The Third Ardnamurchan Tourist Association GPS Treasure Hunt
The third and most comprehensive of the three. Involves GPS work & traditional navigation. It's more physically and mentally challenging.
This walk also requires traditional navigation equipment as well as use of the GPS.
This walk is only open from the end of March to the end of August, to avoid the stalking season.
ACHNAHA OAK AVENUE to "Treasure" !
2007 - Magnetic variation 6º West.
Distance: 4.7 km.
Time: 2:30:10 round trip.
Av. Moving speed 2 .5 kph.
The walk has been chosen to give a good walk with variation and views. It also has the capability of revealing several animal, reptile and bird species plus butterflies, moths, and dragon flies to name a few.
Peat bog and highland flora are also well represented - fungi in September / October. Excellent landscape photographic opportunities.
The secret for seeing wildlife is to choose a time and conditions that suit them. (Adders like to sun bathe on exposed rocks or logs. Wild Cat, at dusk or early morning, they also like to sun themselves in the earlier morning sun.) Don't wear bright colours. Move slowly with many pauses to study the ground ahead before moving on again. Tread quietly and keep silent! Always try to avoid having the wind coming from behind you and carrying your scent towards the wildlife.
Take a dog on the lead. They often indicate where game birds are (Snipe or Grouse) on this walk. Voles too!
It is possible to leap frog GPS points but this spoils the opportunity besides you are likely to run into high fences without gates and long sections of tough going, expanses of bog or other obstacles. A requirement is also built in to visit some sites in order to obtain further directions etc. to stop you leap-frogging.
Way point Information:
ALL Point references are in GPS format:-
A mixed minutes/decimal format which is becoming the standard for GPS equipment. All values are positive; the hemisphere is indicated by 'N' and 'W'. Minutes are attached to the degrees of the coordinates, while seconds are expressed in decimal format with the minutes.
A GPX file of the waypoints is available for download here
A GPX file of the Route is available for download here
These files can be imported into your GPS program on your PC, and then loaded onto your GPS, please consult your user manual.
Click here to show google maps with the waypoints marked
Park where possible by the Sanna road. Approx Grid ref' :- 464 680.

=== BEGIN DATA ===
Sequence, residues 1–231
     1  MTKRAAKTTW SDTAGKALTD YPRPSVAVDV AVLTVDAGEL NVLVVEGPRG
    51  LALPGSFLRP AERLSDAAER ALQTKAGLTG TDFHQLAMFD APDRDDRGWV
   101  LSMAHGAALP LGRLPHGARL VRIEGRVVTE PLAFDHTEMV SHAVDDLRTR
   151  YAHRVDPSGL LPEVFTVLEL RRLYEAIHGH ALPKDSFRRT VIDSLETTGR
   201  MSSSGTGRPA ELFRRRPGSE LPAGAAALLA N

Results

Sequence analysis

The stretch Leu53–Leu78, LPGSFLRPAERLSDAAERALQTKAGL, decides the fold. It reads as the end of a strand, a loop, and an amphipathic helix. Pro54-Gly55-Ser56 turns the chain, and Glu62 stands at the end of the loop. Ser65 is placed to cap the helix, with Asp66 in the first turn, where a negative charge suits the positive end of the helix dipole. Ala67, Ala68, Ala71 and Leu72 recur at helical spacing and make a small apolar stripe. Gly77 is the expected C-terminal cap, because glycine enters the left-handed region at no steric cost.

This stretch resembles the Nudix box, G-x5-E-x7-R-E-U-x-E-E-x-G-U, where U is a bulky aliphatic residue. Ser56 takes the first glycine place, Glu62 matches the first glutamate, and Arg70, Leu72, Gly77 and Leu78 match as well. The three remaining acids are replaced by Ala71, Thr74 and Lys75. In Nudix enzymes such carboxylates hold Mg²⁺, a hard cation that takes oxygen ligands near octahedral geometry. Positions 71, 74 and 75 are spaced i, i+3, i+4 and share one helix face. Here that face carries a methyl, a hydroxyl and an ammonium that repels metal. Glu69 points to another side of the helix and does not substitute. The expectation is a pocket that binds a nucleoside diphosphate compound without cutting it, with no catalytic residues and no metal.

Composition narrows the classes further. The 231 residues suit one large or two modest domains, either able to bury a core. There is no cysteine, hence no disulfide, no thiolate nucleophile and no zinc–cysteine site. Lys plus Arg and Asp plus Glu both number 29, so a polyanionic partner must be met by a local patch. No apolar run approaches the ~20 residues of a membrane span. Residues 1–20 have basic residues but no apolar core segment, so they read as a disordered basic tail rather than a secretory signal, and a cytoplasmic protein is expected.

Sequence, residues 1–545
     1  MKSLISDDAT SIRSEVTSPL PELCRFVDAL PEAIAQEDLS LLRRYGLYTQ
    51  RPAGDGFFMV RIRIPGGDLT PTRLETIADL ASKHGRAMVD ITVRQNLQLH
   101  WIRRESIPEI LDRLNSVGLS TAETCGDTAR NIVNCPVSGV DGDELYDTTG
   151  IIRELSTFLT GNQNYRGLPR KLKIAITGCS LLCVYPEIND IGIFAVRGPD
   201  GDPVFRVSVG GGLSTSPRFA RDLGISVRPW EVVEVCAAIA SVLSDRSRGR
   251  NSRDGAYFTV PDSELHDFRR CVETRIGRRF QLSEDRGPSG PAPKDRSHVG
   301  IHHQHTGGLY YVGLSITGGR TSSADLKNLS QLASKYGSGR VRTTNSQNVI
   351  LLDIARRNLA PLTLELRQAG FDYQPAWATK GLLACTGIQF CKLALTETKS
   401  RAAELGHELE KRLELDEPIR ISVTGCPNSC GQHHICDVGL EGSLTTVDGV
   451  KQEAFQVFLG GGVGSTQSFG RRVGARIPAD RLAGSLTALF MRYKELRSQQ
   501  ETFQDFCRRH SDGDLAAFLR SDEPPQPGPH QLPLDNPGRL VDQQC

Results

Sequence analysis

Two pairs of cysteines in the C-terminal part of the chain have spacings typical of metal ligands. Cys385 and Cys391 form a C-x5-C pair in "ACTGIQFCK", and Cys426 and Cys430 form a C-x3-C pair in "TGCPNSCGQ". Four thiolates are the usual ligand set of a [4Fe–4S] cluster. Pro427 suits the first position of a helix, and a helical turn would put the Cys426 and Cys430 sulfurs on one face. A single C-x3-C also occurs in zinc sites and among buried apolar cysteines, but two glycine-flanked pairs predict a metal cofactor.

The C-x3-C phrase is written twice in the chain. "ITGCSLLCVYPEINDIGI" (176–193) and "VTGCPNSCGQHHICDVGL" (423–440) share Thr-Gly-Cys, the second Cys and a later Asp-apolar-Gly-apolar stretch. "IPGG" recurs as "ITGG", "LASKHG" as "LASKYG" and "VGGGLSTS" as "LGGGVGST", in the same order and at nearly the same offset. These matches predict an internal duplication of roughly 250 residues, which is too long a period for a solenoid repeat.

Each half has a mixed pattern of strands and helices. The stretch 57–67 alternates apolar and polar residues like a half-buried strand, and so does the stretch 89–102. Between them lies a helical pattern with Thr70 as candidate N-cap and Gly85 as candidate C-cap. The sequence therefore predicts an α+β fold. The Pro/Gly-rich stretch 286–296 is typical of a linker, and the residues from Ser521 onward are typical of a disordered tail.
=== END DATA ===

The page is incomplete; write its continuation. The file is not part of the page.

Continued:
Go to "Piggin's Corner" of the fence line, (Piggin's because there was a family of pigs in the field, now there is only a big Gloucester Old Spot boar. Eastern corner above the oak avenue and follow the fence line NE.
Part a, points 30 - 48 & Part b, 51 to 54, and the "Next Steps" stash point.
N 056º 44.080'
W 006º 08.810'
"Piggins Corner" Eastern corner of fence line, above Oak avenue.
N 056º 44.113'
W 006º 08.783'
Note the "Wishing Stone" up on the hill - Not accessible because of fences.
You don't have to go near the stone to wish, all you need to do is to be able to see it and turn a piece of silver.
Follow the fence line until you come close to a small new steel gate. Cross onto the first hillock about 40m ( 80ºTrue) then head 10ºTrue, keeping the estate deer fence to the E. Let it guide you to the far corner then keeping close to the fence go to the old iron "Kissing Gate" near by.
N 056º 44.184'
W 006º 08.673'
Look out for Snipe, Hooded Crow, Raven, Grouse, Stone Chat, Wheat Ear and many other birds.
N 056º 44.224'
W 006º 08.587'
Toads are common but Newts are fewer.
N 056º 44.353'
W 006º 08.496'
Off parallel to estate deer fence, Head 10ºTrue keeping the deer fence to the east. Let it guide you to the far corner then keeping close to the fence go to the old iron kissing gate hear by.
N 056º 44.486'
W 006º 08.493'
Deer fence corner.
N 056º 44.505'
W 006º 08.531'
Kissing Gate. Watch out for bad walking spots both sides of the gate, particularly the deep, innocent, looking hole on the N side.
Head on to the burn. Note the old dilapidated building while on the way. There are over 20 types of ground Orchid and great examples of peat bog flora.
There is a steep descent to the burn. A small fall tumbles into a pool which generally holds wild brown trout. Seek a shallow place to cross. On sunny days, Adders are often seen along the bank.
Now looking some 60º true this is the direction you will be heading in.
In spring and autumn skeins of greylag geese can be heard and seen flying over.
N 056º 44.573'
W 006º 08.256'
N 056º 44.580
W 006º 08.234
Foxes, Pine Martin & Wild Cat are around but very difficult to find.
N 056º 44.638'
W 006º 07.977'
On approaching point 39 you will see a valley going up almost due N at the head of which you will find the main Glendrian track. Glen Glendrian (Valley of the Hawthorn - or is there more than one?) to Fascadale or vice versa. It does not look steep but makes you puff just the same.
N 056º 44.737'
W 006º 07.933'
N 056º 44.737'
W 006º 07.755'
N 056º 44.713'
W 006º 07.693'
N 056º 44.684'
W 006º 07.616'
N 056º 44.656'
W 006º 07.542
Gate to Village
N 056º 44.641'
W 006º 07.534'
Glendrian village. Red Deer are often found grazing on the "lawn". Note how some of the walls are built in a sandwich fashion. A single wall will let wind and rain through, having aggregate between the two walls stops the problem.
N 056º 44.589'
W 006º 07.529'
N 056º 44.433'
W 006º 07.442'
Sheep handling yards or Fank & Burn crossing.
N 056º 44.423'
W 006º 07.438'
Just over burn.
N 056º 44.420'
W 006º 07.428'
N 056º 44.368'
W 006º 07.418'
N 056º 44.268'
W 006º 07.252'
N 056º 44.255'
W 006º 07.213'